So I was doodling in Adobe Illustrator. I started with circles that had diameters of 1″, 2″, 3″, 5″, 8″, and 13″ After playing with placements, I came up with this concept, which created an illusion. I wanted to incorporate flying geese, so I added the 10.5″, 6.5″, 4″, 2.5″ and 1.5″ circles to guide them.
Radiating from the center circle, I divided the 360 degrees into an even number of wedges, and built the geese on those divisions and colored them in — Duke Blue, naturally. Because I didn’t want the wings of the geese to end in the same places, I alternated the direction and placement of the geese so that they’d “float” and assembly would be easier. This created a pretty spectacular illusion, even in the monochromatic color scheme.
Then I sat down with my Prismacolor pencils and played (it’s flipped from the monochromatic version because my original design had the geese flying down on the outside ring, but I ultimately changed my mind about that).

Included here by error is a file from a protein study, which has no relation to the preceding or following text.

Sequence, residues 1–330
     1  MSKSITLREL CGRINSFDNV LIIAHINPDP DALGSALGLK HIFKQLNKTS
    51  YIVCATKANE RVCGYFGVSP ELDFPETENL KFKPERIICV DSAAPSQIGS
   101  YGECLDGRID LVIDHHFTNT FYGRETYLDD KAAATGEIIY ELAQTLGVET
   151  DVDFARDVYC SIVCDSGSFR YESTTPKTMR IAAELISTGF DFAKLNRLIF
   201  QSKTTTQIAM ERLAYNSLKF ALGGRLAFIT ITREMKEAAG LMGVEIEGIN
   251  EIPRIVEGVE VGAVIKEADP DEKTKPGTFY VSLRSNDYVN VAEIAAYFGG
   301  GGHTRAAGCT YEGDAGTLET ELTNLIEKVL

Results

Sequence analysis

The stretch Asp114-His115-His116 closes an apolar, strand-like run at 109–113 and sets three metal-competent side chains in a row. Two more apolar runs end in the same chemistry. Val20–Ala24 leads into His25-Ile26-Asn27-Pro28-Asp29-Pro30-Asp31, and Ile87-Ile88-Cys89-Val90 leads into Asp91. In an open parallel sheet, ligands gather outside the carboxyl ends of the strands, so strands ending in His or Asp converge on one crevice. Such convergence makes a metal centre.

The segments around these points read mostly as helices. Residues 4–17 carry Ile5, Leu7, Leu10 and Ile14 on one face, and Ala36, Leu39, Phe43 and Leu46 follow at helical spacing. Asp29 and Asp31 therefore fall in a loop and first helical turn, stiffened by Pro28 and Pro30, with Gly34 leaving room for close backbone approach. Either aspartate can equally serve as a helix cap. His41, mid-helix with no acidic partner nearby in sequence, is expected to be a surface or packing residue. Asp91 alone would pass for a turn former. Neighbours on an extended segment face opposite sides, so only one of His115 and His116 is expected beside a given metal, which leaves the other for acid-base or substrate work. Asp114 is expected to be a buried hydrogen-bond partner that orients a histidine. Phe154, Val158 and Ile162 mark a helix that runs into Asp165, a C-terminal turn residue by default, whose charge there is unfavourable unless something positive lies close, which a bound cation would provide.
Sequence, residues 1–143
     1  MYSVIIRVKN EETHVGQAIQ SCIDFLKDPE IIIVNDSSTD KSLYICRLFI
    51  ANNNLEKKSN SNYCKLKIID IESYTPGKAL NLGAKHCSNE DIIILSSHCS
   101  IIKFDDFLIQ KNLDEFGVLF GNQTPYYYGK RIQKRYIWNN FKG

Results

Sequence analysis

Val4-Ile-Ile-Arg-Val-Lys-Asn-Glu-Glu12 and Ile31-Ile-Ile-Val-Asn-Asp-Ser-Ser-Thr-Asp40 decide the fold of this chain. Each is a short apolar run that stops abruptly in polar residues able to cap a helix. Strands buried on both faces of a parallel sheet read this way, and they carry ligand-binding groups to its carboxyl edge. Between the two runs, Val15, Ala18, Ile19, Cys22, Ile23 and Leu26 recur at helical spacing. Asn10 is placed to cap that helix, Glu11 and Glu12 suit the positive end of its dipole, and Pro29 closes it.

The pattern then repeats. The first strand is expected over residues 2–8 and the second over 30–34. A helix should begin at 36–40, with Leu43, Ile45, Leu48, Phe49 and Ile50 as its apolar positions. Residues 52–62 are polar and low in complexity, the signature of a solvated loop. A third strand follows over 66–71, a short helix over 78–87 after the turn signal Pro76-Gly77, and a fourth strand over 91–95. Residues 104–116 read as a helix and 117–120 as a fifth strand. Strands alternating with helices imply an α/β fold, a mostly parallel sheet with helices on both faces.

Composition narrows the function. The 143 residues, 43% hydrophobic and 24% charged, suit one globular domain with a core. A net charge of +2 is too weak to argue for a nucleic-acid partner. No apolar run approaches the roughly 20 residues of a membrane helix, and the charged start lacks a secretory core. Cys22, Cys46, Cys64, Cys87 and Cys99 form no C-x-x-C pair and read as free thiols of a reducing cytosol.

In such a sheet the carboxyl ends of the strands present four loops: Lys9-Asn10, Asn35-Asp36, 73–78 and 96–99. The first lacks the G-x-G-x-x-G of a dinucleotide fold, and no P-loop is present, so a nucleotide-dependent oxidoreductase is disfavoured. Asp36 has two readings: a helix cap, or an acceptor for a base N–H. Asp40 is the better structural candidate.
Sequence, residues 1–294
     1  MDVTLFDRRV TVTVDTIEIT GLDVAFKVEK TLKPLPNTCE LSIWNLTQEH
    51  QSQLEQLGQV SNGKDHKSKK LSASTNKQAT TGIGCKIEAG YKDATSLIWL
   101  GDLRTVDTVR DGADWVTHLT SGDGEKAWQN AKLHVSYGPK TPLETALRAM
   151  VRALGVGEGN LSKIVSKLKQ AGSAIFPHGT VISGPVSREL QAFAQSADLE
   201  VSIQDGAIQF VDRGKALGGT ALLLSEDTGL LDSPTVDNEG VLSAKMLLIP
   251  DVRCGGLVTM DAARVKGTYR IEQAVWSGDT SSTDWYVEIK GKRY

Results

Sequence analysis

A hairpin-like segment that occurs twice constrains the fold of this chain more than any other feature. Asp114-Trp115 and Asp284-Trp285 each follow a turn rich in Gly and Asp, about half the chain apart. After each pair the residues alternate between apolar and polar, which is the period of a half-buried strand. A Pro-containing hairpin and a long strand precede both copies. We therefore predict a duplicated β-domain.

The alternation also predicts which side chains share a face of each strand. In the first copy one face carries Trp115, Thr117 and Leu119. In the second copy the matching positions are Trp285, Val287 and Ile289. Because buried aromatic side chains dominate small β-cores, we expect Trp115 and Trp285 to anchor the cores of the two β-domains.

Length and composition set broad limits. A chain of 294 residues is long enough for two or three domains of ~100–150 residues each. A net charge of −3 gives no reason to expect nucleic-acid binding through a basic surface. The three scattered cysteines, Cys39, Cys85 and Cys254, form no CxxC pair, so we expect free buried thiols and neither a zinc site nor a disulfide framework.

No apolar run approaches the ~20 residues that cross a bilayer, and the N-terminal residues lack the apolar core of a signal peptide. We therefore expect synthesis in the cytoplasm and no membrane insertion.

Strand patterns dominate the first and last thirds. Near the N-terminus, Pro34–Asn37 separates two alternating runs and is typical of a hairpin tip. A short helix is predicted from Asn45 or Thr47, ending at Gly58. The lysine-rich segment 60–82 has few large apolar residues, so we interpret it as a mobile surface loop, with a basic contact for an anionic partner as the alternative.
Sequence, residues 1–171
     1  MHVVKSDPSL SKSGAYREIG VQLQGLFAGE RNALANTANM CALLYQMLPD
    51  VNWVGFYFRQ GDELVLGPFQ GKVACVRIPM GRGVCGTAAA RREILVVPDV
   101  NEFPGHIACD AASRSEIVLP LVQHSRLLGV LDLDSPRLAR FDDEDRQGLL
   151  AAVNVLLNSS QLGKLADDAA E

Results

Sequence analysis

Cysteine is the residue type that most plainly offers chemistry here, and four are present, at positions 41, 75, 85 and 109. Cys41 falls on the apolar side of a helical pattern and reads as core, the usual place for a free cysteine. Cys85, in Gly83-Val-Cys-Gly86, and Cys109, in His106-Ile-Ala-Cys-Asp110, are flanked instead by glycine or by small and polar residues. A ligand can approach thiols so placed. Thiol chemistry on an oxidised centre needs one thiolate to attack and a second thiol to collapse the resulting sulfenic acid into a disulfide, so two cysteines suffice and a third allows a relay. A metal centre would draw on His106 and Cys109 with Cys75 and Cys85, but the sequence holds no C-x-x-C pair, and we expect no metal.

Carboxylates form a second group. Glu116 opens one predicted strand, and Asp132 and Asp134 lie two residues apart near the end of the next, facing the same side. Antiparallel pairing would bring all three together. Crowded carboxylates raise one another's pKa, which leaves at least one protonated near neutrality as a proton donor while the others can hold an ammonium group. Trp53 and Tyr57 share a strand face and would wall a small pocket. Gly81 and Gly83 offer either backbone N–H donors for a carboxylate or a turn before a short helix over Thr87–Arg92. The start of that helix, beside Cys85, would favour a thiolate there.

Yes. I think so. I sent the foundations to my local copy shop, and they enlarged them for me on a large format printer. The biggest circle is about 37.5″ in diameter. The empty circle in the middle is 2.5″ in diameter. This makes the geese in the smallest ring really, really tiny. Turns out this was the easiest of the 5 rings to assemble because I wasn’t wrestling with a large foundation under the machine over and over. I didn’t want to cut any of them apart because I was concerned about the accuracy of trying to reassemble the rings after they were finished.
Each ring has 25 geese in it (except the biggest ring has 26, since the smallest piece isn’t microscopic), so each one had over 75 pieces of fabric. The process took a while.
The big blue ring was the hardest to do, by far. I put the green center in as a placeholder just so it wouldn’t be white, until I could get the red rings done and make a final decision about what color that center should be.
When all of the rings were assembled and the biggest one was stay-stitched around the edge, I reverse-appliqued the rings together from the inside out and then starched the circle almost rigid.
My mom thinks it looks like a dragon’s eyeball.
I may paint the light blue sections or something to calm them down, but they bother me less as time goes on.
For the moment, I’m just living with it on my design wall, trying to decide how I’m going to finish it. Trapunto to accentuate the 3D feel? Appliqued to something else? I’m not sure, but hopefully I’ll figure it out soon.
This thing was a beast to put together, but I love how it turned out. So far, anyway.